After Warhol – Saturday 22 November to Saturday 20 December

 

After Warhol

Saturday 22 November – Saturday 20 December

warhol_marilyn_10

Alongside our PRESENT exhibition, we will be displaying a suite of ‘Marilyn’ prints from the Sunday B Morning portfolio of 1970 and exploring the intentions behind their production. Made after Andy Warhol’s infamous series, these striking screen prints will also be available to purchase.

___________________________________________________________________________________

“No one would know whether my picture was mine or somebody else’s.” “It would turn art history upside down?” “Yes.” (Gene Swenson’s interview with Warhol, “What is Pop Art?,” Artnews, November 1963)   American artist Andy Warhol first screen printed the above image- originally a publicity shot for a film- in 1962, shortly following the death of Marilyn Monroe. Warhol eventually produced a series of ten varying Marilyn screen prints in editions of 250, distinct only in his choice of colour palette for each one. Published in a portfolio by his company Factory Additions, these authorized prints are the most sought after and expensive Marilyns, selling at auction anywhere from $100,000 to over $1,500,000 for a complete portfolio. In 1970, Warhol’s screens were used by a group of his friends to create a new set of Marilyns, which matched the originals in quality but not in colour. Stamping each print with ‘Published by Sunday B. Morning’ the collective created an edition of 250 new Marilyn portfolios. Though these prints are unauthorized, they were included in the comprehensive Andy Warhol Catalogue Raisonné and are now considered collectibles in their own right, though are much lower in price. At West Yorkshire Print Workshop, nine Sunday B. Morning Marilyn screen prints will be on display and available for purchase. The meaning behind the group’s name ‘Sunday B. Morning’ remains a mystery to this day. Andy Warhol was an artist who embraced American popular culture as well as commercial processes, often exploiting the possibilities of screen printing by experimenting with shifting colours and off-register effects. He developed over time a ‘hands-off’ approach, rejecting the notion of authorship as an essential feature of authenticity and originality. An artist, according to Warhol, did not need be physically linked to an art object in order to be its originator; the conceptual link was sufficient. It was due to these beliefs, and the consequentially boundless reproduction of many of his artworks, that he is considered one of the most renowned and yet most controversial artists of the twentieth century. His legacy is significant in our consideration of the appropriated image and commercial art practices, particularly since the growth of digital imaging.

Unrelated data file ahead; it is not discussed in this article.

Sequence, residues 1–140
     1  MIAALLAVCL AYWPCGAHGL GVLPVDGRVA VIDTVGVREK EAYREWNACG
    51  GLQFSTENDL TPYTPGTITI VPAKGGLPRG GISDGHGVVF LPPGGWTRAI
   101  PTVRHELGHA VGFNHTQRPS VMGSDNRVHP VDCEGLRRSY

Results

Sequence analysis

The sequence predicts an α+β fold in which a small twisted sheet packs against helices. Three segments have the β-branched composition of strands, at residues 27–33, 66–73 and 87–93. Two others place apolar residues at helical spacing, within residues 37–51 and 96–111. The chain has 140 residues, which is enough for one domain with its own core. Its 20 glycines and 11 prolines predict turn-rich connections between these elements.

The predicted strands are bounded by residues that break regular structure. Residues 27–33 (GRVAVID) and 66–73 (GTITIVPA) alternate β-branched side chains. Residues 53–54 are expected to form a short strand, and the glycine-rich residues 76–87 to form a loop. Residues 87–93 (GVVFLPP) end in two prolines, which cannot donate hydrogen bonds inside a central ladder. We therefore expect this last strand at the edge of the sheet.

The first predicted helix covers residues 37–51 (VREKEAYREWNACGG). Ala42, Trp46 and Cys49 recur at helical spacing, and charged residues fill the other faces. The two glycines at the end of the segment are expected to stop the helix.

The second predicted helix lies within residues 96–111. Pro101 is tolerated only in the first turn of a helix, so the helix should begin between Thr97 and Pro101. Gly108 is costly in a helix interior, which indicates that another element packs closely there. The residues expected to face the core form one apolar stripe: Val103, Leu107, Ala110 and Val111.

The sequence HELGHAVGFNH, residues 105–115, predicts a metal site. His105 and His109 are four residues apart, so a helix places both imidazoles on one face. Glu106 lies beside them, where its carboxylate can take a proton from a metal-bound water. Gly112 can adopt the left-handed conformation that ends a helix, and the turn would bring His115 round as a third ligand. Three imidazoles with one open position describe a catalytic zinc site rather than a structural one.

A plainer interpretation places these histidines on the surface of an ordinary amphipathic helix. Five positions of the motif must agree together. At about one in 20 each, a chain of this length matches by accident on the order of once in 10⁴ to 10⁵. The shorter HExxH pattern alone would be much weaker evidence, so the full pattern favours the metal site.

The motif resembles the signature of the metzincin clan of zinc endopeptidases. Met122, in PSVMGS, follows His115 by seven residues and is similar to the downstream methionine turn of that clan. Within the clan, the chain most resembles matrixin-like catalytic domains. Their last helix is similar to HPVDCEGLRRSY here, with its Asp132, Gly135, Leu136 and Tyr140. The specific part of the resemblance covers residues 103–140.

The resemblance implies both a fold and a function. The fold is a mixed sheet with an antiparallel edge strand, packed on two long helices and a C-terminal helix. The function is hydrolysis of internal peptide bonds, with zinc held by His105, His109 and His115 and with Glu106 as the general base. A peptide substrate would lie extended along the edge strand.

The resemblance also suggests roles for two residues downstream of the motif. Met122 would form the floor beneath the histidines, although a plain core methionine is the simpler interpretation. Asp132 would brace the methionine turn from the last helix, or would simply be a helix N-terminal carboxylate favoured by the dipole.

Tags: